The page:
Johannesburg - Public Protector advocate Busisiwe Mkhwebane has found that President Cyril Ramaphosa breached the executive code of conduct and deliberately misled Parliament when he failed to declare a R500 000 donation he received from African Global Operations (formerly Bosasa) boss Gavin Watson for his ANC presidential campaign in 2017.
Mkhwebane was speaking at her offices in Pretoria on Friday where she released the report on her investigations following a complaint laid by DA leader Mmusi Maimane in November last year.
Mkhwebane said Ramaphosa in March had submitted a supplementary statement to her office which detailed rules around executive members declaring their financial interest in the National Assembly.
In his response to Mkhwebane, Ramaphosa said the donation in question was not in return for any benefit by him in his official capacity or to influence his work. The donation, he said, was received to support an internal election.
Ramaphosa, in his response, further said while was aware of his duty to declare information in relation to his spouse and his children there was currently no obligation or law that made it mandatory for members of the National Assembly to declare their sources of funding when coming to elections and it would be unreasonable for him to disclose such donations.
But Mkhwebane disagreed, saying Ramaphosa's failure to disclosing the amount instituted a breach of the code of ethics.
She said the mere fact that he obtained assistance for his campaign while he was the country's deputy president, he was duty-bound to declare financial benefits.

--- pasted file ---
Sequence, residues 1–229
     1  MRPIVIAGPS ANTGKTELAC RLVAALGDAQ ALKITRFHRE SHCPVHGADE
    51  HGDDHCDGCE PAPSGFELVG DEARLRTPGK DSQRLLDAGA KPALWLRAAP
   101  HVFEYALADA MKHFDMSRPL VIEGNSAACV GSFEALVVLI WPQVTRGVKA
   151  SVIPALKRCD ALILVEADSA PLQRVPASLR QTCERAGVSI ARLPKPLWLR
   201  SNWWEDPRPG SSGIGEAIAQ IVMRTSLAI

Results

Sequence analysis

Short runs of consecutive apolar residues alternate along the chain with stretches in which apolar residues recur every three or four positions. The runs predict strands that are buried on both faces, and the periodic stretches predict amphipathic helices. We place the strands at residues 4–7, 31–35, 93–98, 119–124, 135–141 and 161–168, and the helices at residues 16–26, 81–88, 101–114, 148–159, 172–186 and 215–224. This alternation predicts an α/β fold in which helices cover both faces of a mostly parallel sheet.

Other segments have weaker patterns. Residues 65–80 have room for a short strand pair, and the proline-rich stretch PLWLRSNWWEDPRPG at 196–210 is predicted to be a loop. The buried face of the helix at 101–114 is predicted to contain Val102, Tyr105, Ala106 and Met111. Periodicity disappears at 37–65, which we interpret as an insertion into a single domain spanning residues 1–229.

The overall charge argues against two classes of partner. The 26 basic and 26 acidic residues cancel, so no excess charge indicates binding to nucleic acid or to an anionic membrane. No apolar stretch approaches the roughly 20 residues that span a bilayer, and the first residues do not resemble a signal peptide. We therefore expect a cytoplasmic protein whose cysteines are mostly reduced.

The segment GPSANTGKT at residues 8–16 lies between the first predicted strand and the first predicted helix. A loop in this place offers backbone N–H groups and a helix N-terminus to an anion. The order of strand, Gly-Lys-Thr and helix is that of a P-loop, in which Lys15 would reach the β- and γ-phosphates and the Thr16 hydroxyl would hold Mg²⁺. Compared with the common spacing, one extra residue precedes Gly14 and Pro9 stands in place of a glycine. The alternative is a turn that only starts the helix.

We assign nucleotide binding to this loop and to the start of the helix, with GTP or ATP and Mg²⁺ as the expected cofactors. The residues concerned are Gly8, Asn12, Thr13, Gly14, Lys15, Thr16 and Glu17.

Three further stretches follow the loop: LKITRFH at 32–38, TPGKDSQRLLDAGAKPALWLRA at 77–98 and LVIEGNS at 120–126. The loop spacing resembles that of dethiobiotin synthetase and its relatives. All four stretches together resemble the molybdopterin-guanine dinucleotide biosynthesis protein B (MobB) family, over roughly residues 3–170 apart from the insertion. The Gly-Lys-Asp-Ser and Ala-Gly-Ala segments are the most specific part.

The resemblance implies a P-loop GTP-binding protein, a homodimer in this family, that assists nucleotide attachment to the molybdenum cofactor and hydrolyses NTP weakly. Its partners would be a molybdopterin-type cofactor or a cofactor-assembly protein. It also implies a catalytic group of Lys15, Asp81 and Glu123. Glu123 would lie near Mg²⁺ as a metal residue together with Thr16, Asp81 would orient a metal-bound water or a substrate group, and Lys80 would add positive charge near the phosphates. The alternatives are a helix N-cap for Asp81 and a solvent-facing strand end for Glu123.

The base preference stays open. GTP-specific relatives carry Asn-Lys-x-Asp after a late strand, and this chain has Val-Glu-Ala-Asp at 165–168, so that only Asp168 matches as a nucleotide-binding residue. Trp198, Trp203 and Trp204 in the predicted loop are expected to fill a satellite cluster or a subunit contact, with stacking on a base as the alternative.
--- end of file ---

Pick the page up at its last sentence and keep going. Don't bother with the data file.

She further added it could not be argued that mainly because money was deposited in the account of CR17 (his presidential campaign) that he can't take responsibility.
"I have proof that money was transferred into Cyril Ramaphosa Foundation account... Several dinners where he participated himself and addressed donors. In my view that is directly participating," Mkhwebane said.
She added that Ramaphosa had even received regular updates of the CR17 operations by donors from the campaign managers and that he went as far as being asked by the managers to speak to certain donors.
Mkhwebane said she had also interviewed Watson who revealed that he was approached by the head of the CR17 campaign James Motlatsi for a donation.
She said Watson informed her that he usually donated to the ANC as a party and not to individuals as it was the case where he now had to donate to CR17 and NDZ presidential campaigns
Watson had explained to her that he did not attend all dinners but one that was hosted by CR17.
Mkhwebane's further delved into whether the Ramaphosa family including the president's son Andile Ramphosa, who runs the business known as Blue Crane Capital, had any relationship with Watson.
Ramaphosa junior, earlier this year, admitted that he had received about R2 million from Bosasa for a business deal - an action he maintained that he regretted.
Bosasa has on numerous occasions come under the spotlight at the Zondo Commission of Inquiry into State Capture after revelations of rampant corruption involving the business and politicians came to light.
On Friday Mkhwebane thanked Ramaphosa for the dignified manner in which he had conducted himself during her investigations, saying he had been exemplary.
DA leader Mmusi Maimane is expected to hold a press briefing in response to Mkhwebane's findings at noon.